“Employees have rights, guaranteed by law and our policies, that differ substantially from the rights of students to participate in voluntary activities such as intercollegiate athletics,” said Bird, the UT spokesman.

As for not disciplining Morrisett for failing to report his arrest, Bird said the university would take action on such a failure if it believed a person knew of the requirement.

Victim: Second attack prompted by indictment

Few people outside of senior administrators at UT were aware of Morrisett’s case until Wednesday, when Pharmacy Dean M. Lynn Crismon sent an email to faculty, students and staff in the College of Pharmacy alerting them to the Statesman’s impending article.

“We took Dr. Morrisett’s criminal behavior very seriously and investigated it immediately, assessing whether his actions would pose a threat to our community,” Crismon wrote. “He is being punished by the criminal justice system and we are monitoring him during probation.”

Court records show that a Travis County sheriff’s deputy responded May 28, 2016, to a disturbance at Morrisett’s house on Young Lane in the southwestern part of the county. “He stated nothing physical had occurred and it was a verbal disturbance,” Deputy Lance Luedecke wrote in an affidavit, referring to Morrisett.

But his girlfriend told a different story, in words and in her appearance. There was redness on the right side of her neck, on the inside of her upper lip and on her left front shoulder, and her jaw was trembling, Luedecke wrote.

She told the deputy that Morrisett had placed his right hand over her throat. “She stated she was not able to breathe due to the pressure and that Richard had her pinned to the bed,” Luedecke wrote.

Morrisett then acknowledged that he had pushed the woman “with his arm onto the bed and “lost his temper,” the deputy wrote. Morrisett is 6 feet tall and weighs 230 pounds, according to court records.

“She did not lose consciousness from the strangulation, but stated she had seen stars,” Luedecke wrote.

Morrisett was charged with family violence by impeding normal breathing and circulation, and the court entered an emergency protective order barring him from communicating with the woman or going within 200 yards of her.

But less than two months later, on July 26, 2016, Deputy Ralph Cisneroz Jr. was called to Lakeway Regional Hospital to meet with the woman, who said she had been grabbed by the arms and thrown to the ground a day earlier by Morrisett, causing pain in her neck and lower back. The woman told authorities Morrisett had become angry over a grand jury indictment in the earlier assault case.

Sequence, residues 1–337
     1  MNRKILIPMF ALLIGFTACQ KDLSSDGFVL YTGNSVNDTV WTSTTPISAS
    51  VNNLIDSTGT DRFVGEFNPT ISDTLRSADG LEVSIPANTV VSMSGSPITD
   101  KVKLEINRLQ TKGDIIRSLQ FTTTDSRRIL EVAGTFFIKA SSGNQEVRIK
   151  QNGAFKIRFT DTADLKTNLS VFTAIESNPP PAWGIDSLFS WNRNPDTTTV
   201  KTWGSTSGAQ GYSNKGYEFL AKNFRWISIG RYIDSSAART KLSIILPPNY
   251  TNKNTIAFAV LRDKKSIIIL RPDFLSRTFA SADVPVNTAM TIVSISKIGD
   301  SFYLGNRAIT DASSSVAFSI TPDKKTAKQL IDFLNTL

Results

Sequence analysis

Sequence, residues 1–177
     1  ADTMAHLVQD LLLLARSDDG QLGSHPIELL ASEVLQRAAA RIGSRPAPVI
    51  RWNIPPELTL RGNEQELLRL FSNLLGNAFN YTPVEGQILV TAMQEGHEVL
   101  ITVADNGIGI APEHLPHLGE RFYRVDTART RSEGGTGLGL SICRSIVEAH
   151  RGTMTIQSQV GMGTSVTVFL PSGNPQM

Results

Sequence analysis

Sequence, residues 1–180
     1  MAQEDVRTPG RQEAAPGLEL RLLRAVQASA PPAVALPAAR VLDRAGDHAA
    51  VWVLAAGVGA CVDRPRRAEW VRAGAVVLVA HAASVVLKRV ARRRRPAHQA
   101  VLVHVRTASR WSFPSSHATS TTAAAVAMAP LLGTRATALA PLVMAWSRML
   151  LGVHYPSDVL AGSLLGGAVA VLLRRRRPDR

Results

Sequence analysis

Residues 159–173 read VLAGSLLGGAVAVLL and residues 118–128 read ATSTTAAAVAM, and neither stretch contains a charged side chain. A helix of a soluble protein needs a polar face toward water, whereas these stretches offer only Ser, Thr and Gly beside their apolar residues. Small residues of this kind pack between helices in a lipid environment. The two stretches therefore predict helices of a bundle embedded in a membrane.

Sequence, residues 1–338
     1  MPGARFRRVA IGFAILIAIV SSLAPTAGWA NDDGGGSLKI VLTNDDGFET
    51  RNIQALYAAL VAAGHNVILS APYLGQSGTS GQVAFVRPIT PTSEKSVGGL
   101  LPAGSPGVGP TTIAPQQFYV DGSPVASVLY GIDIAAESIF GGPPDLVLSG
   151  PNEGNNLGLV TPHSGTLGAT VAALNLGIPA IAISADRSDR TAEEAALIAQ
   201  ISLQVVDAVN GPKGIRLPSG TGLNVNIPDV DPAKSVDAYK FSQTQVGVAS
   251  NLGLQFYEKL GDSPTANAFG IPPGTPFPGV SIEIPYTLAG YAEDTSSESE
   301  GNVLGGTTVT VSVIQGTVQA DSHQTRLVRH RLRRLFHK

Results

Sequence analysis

An affidavit filed by the deputy quoted her as saying that Morrisett had been living with her in the Young Lane house for the past couple of months and that she had been too scared to have the protective order enforced.

Morrisett was charged with continuous family violence and repeated violation of a protective order. Records indicate that UT police arrested him on those charges, apparently at the request of the sheriff’s office. University officials had not been aware of the earlier arrest.

The university placed Morrisett on paid leave and started the investigation that ended with him keeping his job.

Some question UT’s response

The case involving Morrisett is “deeply disturbing,” said Michael Poliakoff, president of the American Council of Trustees and Alumni.

“This sequence of events would call for the most careful kind of scrutiny, especially since the university has shown that it finds domestic violence antithetical to its values,” Poliakoff said. “They’ve committed themselves to this position. Every case is individual, but they need to look at this case through the lens of policies they’ve committed themselves to which show their absolute abhorrence of domestic violence.”

“Obviously, I would think professors should be held to the same or higher standard than students,” said Jeana Lungwitz, an attorney who directs the UT School of Law’s Domestic Violence Clinic and sometimes serves as a hearing officer for complaints against students. “We certainly discipline students for behavior off campus involving people not affiliated with the university. Are we treating students more vigorously? I feel like when I hear about a case like this, yeah — but I don’t have all the facts.”

Dan Sharphorn, vice chancellor and general counsel of the UT System, which oversees the Austin flagship and 13 other campuses, defended the school’s response in a statement: “The process UT-Austin followed is consistent with the process most universities would follow in similar circumstances; namely, a decision based on a careful review of the facts and circumstances of a particular case.”